An Alameda County sheriff's deputy faces two counts of murder as well as several special allegations and the prospect of death-penalty consideration in connection with the brutal slayings of a couple in their Dublin house early Wednesday morning.
Documents filed with the court by prosecutors on Friday morning include new details about the scene and circumstances of the double homicide in the neighborhood in East Dublin, including descriptions of kill shots to the victims' heads and necks and the contention from the suspect's family that he had been involved in a romantic relationship with the married female victim.
"Our hearts and condolences go out to the family, friends and community of the two victims killed in this incident," Alameda County District Attorney Nancy O'Malley said in a statement after her office submitted the criminal complaint.
Devin Williams Jr., 24, of Stockton was scheduled to be arraigned in Alameda County Superior Court in Dublin later Friday. It was not immediately clear if he is yet represented by an attorney.
Williams, a sheriff's deputy of one year who is now in the process of being fired after his arrest, has been charged with two counts of first-degree murder for the shooting deaths of 42-year-old Maria Tran and her husband Benison Tran, 57.
The defendant also faces special allegations related to gun use and great bodily injury inflicted on both victims, as well as special circumstances for multiple murders and murder to avoid arrest. Special circumstances murders are eligible for the death penalty, though a decision about whether to pursue a capital case are typically made after the preliminary hearing.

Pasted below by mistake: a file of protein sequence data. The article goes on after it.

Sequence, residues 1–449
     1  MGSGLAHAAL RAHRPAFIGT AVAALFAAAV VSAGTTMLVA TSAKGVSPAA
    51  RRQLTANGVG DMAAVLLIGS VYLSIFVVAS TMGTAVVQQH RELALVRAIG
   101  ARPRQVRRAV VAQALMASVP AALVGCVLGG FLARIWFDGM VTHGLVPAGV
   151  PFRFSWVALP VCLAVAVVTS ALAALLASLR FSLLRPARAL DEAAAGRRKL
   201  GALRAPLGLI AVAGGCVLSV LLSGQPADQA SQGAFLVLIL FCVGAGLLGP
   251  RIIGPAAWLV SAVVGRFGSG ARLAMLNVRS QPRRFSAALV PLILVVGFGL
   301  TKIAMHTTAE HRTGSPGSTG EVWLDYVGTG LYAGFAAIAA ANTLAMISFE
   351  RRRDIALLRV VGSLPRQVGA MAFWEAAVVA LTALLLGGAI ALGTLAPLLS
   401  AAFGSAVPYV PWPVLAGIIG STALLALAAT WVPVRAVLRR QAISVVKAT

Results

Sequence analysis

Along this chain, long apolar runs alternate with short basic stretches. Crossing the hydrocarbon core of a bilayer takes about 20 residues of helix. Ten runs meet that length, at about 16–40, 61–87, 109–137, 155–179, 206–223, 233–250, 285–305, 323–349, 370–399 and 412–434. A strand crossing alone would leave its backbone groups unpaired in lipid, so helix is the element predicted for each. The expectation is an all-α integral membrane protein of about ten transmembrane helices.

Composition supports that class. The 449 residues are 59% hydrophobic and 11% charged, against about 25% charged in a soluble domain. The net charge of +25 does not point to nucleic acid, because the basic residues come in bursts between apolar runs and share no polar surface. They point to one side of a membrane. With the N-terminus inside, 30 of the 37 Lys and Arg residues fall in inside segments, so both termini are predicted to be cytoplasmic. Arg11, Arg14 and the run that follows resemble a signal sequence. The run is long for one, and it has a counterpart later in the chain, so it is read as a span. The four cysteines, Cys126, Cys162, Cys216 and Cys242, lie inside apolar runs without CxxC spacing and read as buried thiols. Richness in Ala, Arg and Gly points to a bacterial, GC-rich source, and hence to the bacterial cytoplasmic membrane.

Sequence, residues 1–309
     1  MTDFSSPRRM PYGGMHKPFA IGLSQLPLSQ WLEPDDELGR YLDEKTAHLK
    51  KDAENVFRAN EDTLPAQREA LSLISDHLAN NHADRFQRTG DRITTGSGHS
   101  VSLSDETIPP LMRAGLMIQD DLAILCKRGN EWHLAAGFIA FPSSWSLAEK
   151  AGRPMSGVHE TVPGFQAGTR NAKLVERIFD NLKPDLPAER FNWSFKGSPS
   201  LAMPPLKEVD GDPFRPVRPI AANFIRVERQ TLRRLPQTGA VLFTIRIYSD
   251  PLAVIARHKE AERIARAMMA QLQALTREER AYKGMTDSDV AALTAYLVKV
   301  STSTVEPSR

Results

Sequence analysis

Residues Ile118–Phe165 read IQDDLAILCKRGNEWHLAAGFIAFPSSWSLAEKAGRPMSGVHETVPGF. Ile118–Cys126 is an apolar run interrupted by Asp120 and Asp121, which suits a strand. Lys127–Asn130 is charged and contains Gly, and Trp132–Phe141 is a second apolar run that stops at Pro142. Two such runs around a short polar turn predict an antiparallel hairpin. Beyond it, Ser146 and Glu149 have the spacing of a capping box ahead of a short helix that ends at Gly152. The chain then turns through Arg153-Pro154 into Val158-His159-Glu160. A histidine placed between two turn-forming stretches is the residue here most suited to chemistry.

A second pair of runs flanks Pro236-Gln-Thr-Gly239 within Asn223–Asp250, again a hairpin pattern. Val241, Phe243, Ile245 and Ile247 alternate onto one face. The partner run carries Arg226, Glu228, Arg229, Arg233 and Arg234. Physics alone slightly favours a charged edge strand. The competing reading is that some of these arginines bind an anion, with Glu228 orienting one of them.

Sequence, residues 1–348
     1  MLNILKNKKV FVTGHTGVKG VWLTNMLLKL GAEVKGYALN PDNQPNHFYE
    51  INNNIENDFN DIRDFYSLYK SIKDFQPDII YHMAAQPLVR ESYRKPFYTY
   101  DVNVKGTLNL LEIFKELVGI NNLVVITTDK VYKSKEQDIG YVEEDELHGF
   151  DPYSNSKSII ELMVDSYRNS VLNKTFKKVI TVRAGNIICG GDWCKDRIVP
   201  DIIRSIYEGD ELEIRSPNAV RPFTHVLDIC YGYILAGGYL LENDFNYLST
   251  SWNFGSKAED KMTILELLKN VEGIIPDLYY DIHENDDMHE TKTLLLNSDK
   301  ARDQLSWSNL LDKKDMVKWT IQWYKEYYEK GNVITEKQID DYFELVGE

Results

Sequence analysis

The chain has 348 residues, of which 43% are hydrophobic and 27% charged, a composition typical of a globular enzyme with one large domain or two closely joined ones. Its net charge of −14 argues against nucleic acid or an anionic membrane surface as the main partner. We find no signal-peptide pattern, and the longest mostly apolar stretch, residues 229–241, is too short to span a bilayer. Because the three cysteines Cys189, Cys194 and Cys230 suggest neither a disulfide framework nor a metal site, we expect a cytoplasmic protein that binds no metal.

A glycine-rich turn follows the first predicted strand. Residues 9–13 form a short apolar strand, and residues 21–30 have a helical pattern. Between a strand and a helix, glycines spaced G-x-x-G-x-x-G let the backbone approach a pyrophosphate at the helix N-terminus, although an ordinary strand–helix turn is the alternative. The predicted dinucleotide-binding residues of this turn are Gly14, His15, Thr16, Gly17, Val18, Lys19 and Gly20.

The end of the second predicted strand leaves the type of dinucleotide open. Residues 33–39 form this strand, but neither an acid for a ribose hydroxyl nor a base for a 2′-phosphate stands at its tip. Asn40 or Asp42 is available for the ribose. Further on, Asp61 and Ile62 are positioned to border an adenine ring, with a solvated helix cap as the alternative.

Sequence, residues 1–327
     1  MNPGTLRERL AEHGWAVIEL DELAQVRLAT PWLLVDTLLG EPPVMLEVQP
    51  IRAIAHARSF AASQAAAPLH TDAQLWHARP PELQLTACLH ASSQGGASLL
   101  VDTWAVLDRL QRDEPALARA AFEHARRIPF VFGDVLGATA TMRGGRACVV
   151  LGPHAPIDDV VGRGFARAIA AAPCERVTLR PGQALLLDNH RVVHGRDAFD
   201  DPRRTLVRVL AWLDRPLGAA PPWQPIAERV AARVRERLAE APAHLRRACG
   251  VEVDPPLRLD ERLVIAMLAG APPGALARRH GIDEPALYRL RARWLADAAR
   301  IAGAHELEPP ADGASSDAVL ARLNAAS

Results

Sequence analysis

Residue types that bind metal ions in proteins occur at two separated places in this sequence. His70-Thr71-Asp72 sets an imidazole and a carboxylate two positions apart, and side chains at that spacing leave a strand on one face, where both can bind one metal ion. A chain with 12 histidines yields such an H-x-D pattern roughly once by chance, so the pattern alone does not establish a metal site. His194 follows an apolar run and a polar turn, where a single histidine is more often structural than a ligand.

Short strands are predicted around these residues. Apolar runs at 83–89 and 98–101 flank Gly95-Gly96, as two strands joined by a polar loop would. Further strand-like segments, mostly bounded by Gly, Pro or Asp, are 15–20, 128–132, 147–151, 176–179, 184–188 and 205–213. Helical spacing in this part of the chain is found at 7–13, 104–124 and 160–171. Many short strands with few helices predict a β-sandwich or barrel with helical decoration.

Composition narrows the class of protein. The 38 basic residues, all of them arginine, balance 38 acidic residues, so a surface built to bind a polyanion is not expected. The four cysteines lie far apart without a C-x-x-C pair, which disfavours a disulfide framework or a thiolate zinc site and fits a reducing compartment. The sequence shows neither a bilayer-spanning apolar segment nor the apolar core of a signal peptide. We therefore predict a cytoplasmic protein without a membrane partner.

The violent scene inside the Colebrook Lane house, just off Fallon Road, and the investigative aftermath were described in a probable cause declaration written by Officer Riley Walter of Dublin Police Services, filed with the court as justification for Williams' arrest.
Police received a call from people in the home at 12:45 a.m. Wednesday reporting someone inside and then shots being fired, according to Walter.
"The reporting party called 911, and someone they did not know was inside their residence. One of the residents picked up the phone and advised the suspect was armed with a firearm, and the suspect shot his sister and his brother-in-law. The reporting party advised the suspect left the scene in a vehicle," Walter wrote.
Officers arrived to find a husband and wife – later identified as the Trans – with gunshot wounds to their heads and necks. Both were pronounced dead by paramedics shortly after, according to Walter.
Multiple family members were present during the shooting. "When deputies arrived, they heard an unknown family member say, 'Devin' and 'He is a cop,' according to Walter.
Sheriff's Lt. Ray Kelly previously confirmed that the couple's 14-year-old child, as well as Maria Tran's mother and brother were in the house that night.
Dublin Police Services, which is the lead investigative agency in the case, is staffed by deputies of the Alameda County Sheriff's Office under the city of Dublin's contract with the county to provide police services. Williams worked for the sheriff's office and was assigned to the courthouse and jail operations, not a patrol beat. He was reported to be off-duty as of 11 p.m. Tuesday.